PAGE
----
North Carolina is reporting 3,606 new coronavirus cases for a total of 1,566,269 since the start of the pandemic.

The total is down from a week ago but well up from two weeks ago when 1,988 cases were added

Despite today's lower number, the average weekly average is increasing (3,180 new cases a day this week vs. 2,265 last week).

The percent positive stands at 7.4%. It remains high but stable as the previous day saw 7.1%.

Hospitalizations are at 1,493, with 20 new ones added. Since Thanksgiving, 455 more patients have been hospitalized.

Twenty-one new deaths were recorded, bringing the state total to 18,976.

As for vaccinations, 62% of the full NC population is at least vaccinated; 73% of the adult population

NCDHHS said 58% of the state's population is fully vaccinated; 69% of the adult population is fully vaccinated

11:43 a.m.

Wake County Public Health will be expanding its COVID-19 vaccine offerings on Monday to administer single-shot boosters of Pfizer-BioNTech to 16- and -17-year-olds.

"This is another step forward in extending protections against COVID-19 for everyone in Wake County," said Wake County Associate Medical Director & Epidemiology Program Director Dr. Nicole Mushonga. "Now is the perfect time before the holidays to better protect your teenagers before they travel or attend family gatherings."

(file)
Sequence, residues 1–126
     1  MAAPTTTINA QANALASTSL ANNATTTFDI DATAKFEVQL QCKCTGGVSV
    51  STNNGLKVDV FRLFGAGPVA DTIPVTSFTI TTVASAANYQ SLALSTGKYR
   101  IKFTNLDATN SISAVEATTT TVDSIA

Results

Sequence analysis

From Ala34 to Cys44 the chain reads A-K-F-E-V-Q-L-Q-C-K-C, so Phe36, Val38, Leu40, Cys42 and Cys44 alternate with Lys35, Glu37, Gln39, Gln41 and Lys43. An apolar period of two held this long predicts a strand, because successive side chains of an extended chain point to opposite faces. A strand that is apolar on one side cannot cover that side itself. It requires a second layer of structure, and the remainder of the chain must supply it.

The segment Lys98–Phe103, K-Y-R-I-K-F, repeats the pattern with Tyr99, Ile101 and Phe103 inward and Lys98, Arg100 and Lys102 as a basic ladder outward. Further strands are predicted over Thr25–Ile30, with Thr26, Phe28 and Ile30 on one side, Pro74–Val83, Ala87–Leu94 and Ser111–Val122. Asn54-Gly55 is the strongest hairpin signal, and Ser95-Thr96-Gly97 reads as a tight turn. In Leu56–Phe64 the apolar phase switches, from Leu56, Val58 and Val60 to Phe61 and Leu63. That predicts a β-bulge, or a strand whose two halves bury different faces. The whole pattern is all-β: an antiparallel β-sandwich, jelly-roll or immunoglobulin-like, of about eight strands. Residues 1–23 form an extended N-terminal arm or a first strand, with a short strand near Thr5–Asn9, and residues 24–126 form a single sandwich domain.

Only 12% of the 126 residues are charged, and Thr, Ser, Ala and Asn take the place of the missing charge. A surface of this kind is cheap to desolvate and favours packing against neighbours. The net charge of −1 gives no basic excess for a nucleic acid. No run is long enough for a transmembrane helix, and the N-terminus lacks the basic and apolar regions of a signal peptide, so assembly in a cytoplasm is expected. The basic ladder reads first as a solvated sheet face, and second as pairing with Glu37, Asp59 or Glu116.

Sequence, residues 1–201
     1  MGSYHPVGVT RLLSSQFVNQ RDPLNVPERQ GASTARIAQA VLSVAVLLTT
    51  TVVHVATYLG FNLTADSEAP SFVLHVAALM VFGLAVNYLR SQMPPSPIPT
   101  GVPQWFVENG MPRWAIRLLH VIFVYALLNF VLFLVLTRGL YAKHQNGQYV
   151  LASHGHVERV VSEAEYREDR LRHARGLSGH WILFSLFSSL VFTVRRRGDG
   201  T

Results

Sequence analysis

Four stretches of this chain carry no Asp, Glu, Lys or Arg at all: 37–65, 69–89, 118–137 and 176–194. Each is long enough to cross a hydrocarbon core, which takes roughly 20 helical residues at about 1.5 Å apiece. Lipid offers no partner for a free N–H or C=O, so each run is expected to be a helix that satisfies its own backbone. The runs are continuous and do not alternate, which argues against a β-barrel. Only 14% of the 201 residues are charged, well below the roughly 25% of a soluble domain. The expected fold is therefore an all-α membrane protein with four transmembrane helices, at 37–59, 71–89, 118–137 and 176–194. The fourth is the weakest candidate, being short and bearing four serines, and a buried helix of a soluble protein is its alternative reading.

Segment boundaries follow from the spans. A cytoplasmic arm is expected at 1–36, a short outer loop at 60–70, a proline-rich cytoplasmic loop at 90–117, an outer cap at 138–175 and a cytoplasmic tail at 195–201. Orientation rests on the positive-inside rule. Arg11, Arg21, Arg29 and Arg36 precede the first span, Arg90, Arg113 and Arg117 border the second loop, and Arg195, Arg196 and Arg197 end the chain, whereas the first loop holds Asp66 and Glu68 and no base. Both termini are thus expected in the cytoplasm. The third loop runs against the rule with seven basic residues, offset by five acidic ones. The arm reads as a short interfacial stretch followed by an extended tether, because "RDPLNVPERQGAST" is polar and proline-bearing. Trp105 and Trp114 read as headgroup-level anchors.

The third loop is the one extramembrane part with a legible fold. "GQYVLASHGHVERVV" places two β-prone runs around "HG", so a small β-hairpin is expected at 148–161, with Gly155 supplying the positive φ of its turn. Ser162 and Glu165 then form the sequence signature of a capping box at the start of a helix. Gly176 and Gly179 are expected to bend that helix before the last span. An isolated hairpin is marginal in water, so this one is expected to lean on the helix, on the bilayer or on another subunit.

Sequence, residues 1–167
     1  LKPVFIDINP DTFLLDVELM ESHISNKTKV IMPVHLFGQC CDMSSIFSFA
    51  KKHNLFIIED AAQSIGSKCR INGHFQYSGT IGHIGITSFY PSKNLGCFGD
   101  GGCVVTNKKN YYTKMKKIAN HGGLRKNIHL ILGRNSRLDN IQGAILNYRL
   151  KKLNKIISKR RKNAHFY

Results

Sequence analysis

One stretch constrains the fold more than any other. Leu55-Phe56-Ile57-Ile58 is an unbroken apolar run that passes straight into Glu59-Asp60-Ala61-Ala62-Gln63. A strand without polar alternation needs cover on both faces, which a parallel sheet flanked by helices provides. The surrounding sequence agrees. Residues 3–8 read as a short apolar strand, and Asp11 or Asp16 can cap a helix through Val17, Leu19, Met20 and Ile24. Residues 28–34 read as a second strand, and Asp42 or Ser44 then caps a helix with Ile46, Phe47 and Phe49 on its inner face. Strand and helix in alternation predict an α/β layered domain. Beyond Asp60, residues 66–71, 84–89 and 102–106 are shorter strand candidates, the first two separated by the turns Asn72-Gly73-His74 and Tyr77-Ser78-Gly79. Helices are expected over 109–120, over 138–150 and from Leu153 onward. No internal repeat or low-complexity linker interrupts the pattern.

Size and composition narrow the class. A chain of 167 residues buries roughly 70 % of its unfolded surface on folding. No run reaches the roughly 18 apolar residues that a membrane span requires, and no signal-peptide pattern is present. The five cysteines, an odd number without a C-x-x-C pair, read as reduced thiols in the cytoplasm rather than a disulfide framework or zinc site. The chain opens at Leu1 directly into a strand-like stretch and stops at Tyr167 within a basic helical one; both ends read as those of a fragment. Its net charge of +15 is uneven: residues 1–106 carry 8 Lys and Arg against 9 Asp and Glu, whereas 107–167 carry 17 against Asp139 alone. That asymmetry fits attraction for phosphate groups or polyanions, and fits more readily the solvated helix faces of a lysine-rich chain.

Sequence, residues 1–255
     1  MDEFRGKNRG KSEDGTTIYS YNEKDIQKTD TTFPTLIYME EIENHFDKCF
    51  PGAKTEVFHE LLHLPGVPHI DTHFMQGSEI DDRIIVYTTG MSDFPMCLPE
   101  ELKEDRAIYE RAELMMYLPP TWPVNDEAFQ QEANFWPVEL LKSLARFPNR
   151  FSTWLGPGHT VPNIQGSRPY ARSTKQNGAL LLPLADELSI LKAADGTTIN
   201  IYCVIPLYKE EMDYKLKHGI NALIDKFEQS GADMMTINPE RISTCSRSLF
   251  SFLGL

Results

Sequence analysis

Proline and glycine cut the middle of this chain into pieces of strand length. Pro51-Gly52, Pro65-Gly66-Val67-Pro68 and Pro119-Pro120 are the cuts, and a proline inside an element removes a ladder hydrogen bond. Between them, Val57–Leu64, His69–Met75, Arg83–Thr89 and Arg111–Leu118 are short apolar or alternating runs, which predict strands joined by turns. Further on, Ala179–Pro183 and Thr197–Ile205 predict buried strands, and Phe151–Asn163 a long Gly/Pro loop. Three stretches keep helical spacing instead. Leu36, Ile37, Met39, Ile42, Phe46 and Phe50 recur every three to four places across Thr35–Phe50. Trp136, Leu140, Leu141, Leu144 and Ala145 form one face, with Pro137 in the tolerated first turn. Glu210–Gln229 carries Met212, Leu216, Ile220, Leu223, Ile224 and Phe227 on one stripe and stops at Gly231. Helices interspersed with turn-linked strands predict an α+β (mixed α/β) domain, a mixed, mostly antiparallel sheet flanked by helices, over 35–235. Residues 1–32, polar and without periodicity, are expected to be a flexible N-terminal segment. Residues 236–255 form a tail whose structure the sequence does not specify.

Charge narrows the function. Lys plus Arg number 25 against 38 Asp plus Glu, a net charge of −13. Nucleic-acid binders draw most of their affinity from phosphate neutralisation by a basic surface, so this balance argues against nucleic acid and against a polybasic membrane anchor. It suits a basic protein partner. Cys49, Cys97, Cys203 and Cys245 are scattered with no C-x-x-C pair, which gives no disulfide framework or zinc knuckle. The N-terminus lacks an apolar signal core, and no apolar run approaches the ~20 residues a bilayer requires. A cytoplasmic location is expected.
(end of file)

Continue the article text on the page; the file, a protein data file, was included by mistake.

Wake County has been administering Pfizer booster doses since September and Moderna boosters since November to anyone 18 years of age and older. Now, the CDC is expanding those eligible for Pfizer booster doses by recommending booster shots for all vaccinated people ages 16 years and older.

Residents 18 years and older will be able to receive any authorized brand of the COVID-19 vaccine for their booster shot. Some people may prefer the vaccine type they originally received, and others may prefer to get a different brand of the booster.

Those seeking a booster shot can go to any provider that has COVID-19 vaccine as long as it has been six months after their initial series of Pfizer or Moderna, and two months after their first dose of Johnson & Johnson. Recipients do NOT need to go back to the place where they received the first two doses. All five of Wake County Public Health's vaccine clinics will be offering all brands, with appointments six days a week, including evening and Saturday hours. Walk-ins are no longer permitted. You can also call the N.C. COVID-19 Help Line at (888) 675-4567.

There is no cost, no ID, no insurance and no proof of medical condition or employment required. You must bring your vaccine card. Staff will check the N.C. COVID-19 Vaccine Management System to confirm your vaccination record. You will be asked to self-attest that you are from the eligible populations for Pfizer and Moderna boosters.